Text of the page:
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Simplifying Drug Development

Simplifying Drug Development

Simplifying Drug Development

Simplifying Drug Development

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By controlling the pore structure of the material, the amorphous phase of poorly soluble drug substances and stabilized rate of drug delivery may be tailored.

After the invention of the scanning tunneling microscope in 1981, the discovery of fullerenes in 1985 and Drexler's dystopian presentation of nanotechnology in the book Engines of Creation (Engines of Creation) in 1986, nanomaterials made its entrance in large areas of materials development industry.

An important group nanomaterials are the mesoporous material having pores or voids with diameters between 2 and 50 nm (nanometer). Such materials currently being developed for multiple applications - the supply of medicines and vaccines, regeneration of bone tissue, chromatography, catalysis and for moisture adsorption and gas separation.

For such applications it is important to tailor the pore structure of the material. Until now this has been achieved by the use of organic template molecules or swelling agent that must be removed by high temperature before the material can be used.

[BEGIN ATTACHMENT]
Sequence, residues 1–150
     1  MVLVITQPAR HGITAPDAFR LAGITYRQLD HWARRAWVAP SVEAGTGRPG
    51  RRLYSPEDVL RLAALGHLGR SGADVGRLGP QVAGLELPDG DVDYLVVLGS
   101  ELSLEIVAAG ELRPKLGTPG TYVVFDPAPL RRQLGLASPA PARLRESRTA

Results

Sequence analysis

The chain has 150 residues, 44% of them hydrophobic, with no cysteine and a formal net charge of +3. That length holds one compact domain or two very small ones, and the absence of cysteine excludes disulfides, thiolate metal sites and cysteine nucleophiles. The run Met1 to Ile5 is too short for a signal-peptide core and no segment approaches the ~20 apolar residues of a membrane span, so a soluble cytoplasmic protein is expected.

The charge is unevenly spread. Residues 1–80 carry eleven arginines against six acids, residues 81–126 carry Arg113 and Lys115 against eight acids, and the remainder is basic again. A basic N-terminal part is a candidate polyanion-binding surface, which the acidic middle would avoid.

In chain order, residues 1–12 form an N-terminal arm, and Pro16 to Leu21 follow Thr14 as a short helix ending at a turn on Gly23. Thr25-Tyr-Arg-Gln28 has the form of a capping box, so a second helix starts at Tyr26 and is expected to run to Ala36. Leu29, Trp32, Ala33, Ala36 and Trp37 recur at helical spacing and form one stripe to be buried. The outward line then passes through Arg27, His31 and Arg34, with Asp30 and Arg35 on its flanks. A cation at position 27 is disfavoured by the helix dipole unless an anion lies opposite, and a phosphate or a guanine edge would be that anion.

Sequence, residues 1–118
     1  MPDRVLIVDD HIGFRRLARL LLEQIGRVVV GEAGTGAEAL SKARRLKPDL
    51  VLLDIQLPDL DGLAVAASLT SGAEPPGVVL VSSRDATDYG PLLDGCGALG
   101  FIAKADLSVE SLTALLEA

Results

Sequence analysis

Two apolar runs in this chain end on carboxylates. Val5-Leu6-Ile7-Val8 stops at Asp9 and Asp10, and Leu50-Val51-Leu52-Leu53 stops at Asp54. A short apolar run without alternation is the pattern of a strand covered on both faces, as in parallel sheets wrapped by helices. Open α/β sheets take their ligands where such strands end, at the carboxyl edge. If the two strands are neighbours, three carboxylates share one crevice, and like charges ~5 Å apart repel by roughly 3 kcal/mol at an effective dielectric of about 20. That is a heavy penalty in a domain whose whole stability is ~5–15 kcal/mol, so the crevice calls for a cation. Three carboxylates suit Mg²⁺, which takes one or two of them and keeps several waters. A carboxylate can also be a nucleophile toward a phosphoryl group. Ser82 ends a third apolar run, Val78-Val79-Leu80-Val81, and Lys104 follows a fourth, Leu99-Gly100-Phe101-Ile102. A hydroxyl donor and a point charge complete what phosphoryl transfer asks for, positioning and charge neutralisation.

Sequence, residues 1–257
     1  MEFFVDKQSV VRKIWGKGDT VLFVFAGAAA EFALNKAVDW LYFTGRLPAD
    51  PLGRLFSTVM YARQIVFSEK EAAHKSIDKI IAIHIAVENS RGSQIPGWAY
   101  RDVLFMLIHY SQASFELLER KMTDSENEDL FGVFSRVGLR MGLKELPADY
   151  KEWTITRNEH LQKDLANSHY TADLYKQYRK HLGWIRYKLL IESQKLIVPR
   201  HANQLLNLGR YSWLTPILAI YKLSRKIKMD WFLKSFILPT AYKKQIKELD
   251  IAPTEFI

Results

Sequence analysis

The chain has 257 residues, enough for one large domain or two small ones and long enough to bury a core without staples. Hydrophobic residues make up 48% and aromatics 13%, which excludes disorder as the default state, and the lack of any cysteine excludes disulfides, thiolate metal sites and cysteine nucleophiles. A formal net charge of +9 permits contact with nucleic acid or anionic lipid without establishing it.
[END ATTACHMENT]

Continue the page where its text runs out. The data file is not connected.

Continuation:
In a publication presented in the RSC Advances, researchers from the Department of nanotechnology and functional materials at Uppsala University, in collaboration with researchers from Stockholm University, for the first time shown that it is possible to tailor the pore structure of mesoporous materials, Upsalite® without using organic molecules as templates or swelling agents, but instead only control the energy input during the production process. This simplifies the synthesis of mesoporous materials and thus expected to be important for industrial scale up.

Moreover, the researchers show that the amorphous structure of the poorly soluble antifungal drug itraconazole can be stabilized in Upsalites® pores, and that the release rate of the drug can be controlled by adjusting the pore size.

- This discovery opens new possibilities to stabilize the large number of poorly soluble substances that are in the pipeline at the research and development departments of the big drug companies, says Maria Strømme, professor of nanotechnology at Uppsala University.